Proposition de thèse en imagerie ultrasonore intra-osseuse

A joint PhD position is available at Sorbonne Université in Paris, France and Memorial University of Newfoundland, Canada. The researcher will work three years at the Laboratoire d’Imagerie Biomédicale and spend at least one year within the research group of Alison Malcolm in the Department of Earth Sciences at Memorial University of Newfoundland. The goal of this project is to image and characterize blood flow within bones (intraosseous blood flow).

Although intraosseous blood circulation is thought to play a key role in bone growth and remodeling, in fracture healing and in the development of bone disorders, it is rarely considered because of the absence of a suitable technique for its in vivo evaluation in humans. We hypothesize that the development of intraosseous ultrasound imaging will enable the characterization of intraosseous blood circulation, i.e. the blood flow in the cortical bone tissue and in the bone marrow. The success of this work will help to build new in vivo knowledge on vascularization-related bone physio-pathological processes. Longer term, it may provide a clinical tool that does not exist today, and help in the early diagnosis of bone diseases or the monitoring of bone healing. In addition, it will broaden the range of clinical uses of ultrasound imaging, which cannot currently image bone.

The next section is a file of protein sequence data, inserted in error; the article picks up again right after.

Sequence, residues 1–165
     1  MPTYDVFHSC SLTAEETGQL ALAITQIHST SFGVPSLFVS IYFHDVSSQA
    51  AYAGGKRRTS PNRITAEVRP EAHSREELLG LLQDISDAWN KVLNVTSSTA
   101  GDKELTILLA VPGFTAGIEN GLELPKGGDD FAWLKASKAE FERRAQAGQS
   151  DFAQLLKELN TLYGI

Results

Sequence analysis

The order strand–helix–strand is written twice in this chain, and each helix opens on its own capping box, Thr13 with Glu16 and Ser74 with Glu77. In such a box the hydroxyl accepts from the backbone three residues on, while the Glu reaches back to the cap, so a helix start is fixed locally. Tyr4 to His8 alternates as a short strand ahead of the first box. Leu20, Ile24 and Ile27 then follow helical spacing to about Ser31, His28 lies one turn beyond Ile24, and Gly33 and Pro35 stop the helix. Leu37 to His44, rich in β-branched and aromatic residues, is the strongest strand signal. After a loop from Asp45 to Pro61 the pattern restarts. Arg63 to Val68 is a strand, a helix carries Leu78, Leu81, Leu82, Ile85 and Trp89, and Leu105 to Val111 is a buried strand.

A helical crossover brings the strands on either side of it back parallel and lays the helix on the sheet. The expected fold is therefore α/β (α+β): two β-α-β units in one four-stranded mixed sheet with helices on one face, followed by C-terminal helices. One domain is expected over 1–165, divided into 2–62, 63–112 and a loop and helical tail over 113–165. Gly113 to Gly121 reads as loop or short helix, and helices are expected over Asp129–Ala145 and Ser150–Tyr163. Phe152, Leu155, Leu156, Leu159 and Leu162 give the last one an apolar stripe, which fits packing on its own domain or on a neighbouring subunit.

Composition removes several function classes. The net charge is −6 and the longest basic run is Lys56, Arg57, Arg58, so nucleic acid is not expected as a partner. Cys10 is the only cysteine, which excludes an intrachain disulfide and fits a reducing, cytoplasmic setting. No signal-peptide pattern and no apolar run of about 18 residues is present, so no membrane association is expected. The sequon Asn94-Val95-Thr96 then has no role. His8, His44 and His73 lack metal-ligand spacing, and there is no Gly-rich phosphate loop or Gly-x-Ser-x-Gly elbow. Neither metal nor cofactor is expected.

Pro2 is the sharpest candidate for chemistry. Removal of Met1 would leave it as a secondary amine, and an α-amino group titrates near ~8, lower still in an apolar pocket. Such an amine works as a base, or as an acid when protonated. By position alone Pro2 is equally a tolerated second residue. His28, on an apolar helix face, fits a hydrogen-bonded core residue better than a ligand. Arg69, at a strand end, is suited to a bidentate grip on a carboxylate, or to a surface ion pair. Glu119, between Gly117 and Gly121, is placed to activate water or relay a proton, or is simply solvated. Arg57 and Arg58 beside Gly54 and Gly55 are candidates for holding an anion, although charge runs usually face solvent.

A first requirement to achieve intraosseous ultrasound imaging is to reconstruct accurate anatomical images of the interior structure of a bone. To do so, we must relax the three major assumptions made in conventional medical ultrasound imaging: 1) the speed of sound in the human body is assumed to be uniform, 2) the multiple reflections experienced by ultrasound waves in the human body are neglected and 3) mode conversions experienced by ultrasound waves (compressional wave to shear wave, and vice versa) are neglected. The work of the PhD student will consist in selecting and adapting time-tested seismic imaging techniques.

Next, the PhD student will work on the development of transmission schemes for ultrafast ultrasound imaging and signal processing for measuring the magnitude and direction of intraosseous blood flows. This is challenging because intraosseous blood volume and flow velocity in bone are small! The selected techniques will be evaluated with numerical models, and then implemented on a fully programmable ultrasound scanner for in vitro validations. Finally, intraosseous ultrasound imaging will be tested in healthy volunteers at Hôpital Pitié-Salpêtrière in Paris.


  • Applicants with excellent academic records and a Master degree in physical acoustics, seismic imaging or medical ultrasound will be considered.
  • Excellent level of English is required. French is not required.

Information and applications:

  • Candidates are invited to contact Guillaume RENAUD for additional information and to submit their application (including cover letter, CV, names and contact details of 2-3 referees).
  • Applications will be considered until May 15, 2018 but prospective candidates should contact Guillaume RENAUD as soon as possible.


Guillaume RENAUD, , Phone: +33 144 414 971